THE shortage of medications in Mpumalanga hospitals has left the institutions and patients in dire straits.
Service providers supplying medicines to the hospitals are owed millions of rands by the provincial health department. As a result, they have stopped delivering.
Health authorities say they have to deal with more than R400million accruals from the past two financial years, and blame this on their cash flow availability.
The province's biggest hospitals - Rob Ferreira in Nelspruit, Themba at KaBokweni, Witbank and Ermelo hospitals - are the hardest hit.
Department spokesperson Mpho Gabashane said yesterday: "It is not a secret that we had to deal with overR400 million accruals from the past two financial years."
"This has unfortunately affected our cash flow availability, resulting in delays in payment of service providers generally, not limited to medicine suppliers."
When he delivered his state of the province address in June, Premier David Mabuza made a public commitment that all service providers owed by the provincial government would have been paid their outstanding monies by the end of August this year. But this has not been the case with the health department.
"We were committed to realising this deadline, but due to cash flow challenges we couldn't pay all service providers by this deadline," Gabashane said.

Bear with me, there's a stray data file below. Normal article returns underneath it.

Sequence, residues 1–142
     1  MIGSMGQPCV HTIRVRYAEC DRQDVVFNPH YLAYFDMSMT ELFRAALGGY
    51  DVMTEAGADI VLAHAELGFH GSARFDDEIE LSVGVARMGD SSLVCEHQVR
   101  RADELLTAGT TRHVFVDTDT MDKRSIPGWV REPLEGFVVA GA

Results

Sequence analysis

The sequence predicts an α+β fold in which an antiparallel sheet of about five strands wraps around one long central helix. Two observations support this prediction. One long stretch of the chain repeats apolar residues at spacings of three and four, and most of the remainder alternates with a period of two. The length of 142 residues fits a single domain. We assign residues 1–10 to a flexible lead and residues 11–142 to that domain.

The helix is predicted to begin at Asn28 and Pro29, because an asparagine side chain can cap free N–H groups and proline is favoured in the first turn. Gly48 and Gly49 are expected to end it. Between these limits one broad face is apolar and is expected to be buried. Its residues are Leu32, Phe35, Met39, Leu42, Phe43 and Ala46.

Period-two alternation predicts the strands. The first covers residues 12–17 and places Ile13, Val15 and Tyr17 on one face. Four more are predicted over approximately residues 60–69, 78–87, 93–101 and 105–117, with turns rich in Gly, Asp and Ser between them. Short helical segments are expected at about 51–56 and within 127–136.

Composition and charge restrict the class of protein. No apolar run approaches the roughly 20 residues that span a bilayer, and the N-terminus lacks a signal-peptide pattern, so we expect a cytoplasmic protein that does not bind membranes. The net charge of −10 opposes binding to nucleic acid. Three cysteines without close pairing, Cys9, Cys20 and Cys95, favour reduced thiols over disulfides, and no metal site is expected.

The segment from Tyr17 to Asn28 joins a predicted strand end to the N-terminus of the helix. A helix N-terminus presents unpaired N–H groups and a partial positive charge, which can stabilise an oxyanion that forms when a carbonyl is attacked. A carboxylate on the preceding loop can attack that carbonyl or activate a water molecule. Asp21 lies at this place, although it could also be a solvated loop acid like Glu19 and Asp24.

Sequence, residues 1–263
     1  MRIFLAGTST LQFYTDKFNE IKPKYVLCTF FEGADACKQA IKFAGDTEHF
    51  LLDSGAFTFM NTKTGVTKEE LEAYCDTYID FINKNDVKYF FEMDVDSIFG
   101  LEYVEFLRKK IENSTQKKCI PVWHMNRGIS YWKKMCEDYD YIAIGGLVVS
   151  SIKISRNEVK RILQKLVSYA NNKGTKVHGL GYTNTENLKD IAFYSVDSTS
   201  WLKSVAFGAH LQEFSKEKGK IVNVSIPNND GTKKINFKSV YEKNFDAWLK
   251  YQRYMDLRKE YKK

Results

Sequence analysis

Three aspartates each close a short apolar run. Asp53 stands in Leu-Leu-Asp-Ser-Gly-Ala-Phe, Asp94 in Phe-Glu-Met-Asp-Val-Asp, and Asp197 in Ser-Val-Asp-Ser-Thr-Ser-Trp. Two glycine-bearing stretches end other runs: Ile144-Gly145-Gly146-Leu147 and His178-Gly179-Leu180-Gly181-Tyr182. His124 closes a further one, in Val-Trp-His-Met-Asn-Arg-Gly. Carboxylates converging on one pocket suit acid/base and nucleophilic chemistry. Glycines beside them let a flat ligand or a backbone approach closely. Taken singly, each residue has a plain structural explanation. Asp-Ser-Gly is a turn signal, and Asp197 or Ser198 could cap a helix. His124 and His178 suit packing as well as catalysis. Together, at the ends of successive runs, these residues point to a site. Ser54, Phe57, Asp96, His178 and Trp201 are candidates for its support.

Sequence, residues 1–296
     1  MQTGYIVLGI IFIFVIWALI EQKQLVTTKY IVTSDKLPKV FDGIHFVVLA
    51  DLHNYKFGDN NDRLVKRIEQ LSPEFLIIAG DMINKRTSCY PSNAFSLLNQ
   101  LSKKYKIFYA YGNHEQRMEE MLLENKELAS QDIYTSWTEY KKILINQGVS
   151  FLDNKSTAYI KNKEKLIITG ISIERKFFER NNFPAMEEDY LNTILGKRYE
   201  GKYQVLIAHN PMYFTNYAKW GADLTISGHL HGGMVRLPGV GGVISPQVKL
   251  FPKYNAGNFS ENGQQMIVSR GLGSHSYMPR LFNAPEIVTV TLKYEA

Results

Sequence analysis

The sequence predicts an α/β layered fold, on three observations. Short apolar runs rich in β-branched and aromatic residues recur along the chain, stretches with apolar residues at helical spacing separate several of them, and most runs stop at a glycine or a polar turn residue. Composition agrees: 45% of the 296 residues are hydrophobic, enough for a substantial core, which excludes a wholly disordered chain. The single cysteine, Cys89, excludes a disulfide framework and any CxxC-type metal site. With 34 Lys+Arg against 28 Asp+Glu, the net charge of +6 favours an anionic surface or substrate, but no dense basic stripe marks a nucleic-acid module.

"Our commitment to settle these outstanding payments, however, remains intact.
"Our records indicate that as it relates to medicine suppliers, we only owe money for August, which should have been settled by September 25.
"An effort is being made to settle this and for many other equally important service providers."
Gabashane said the delay in payment was not the only factor contributing to the shortage of some medicines.
"The tender for supply is drawing towards the end and naturally suppliers no longer stockpile and it takes longer to deliver orders.
"There is also a general shortage of supplies of medicines in the country and this affects all provinces," he said.
Gabashane said the shortages did not constitute a crisis.
"A plan is being put in place to allow resource sharing among facilities, prioritising those with high volumes and ensuring that all essential drugs are available even if at low stock levels," he said.
Karim Boikies, manager at Amalgamated, the company that supplies medicines to the hospitals, refused to comment when contacted yesterday.
Some patients at Rob Ferreira Hospital said the shortage of prescribed medicines had not affected them that much.
Officials at the hospital said: "We try our best to ensure, whatever happens, that all patients are cared for."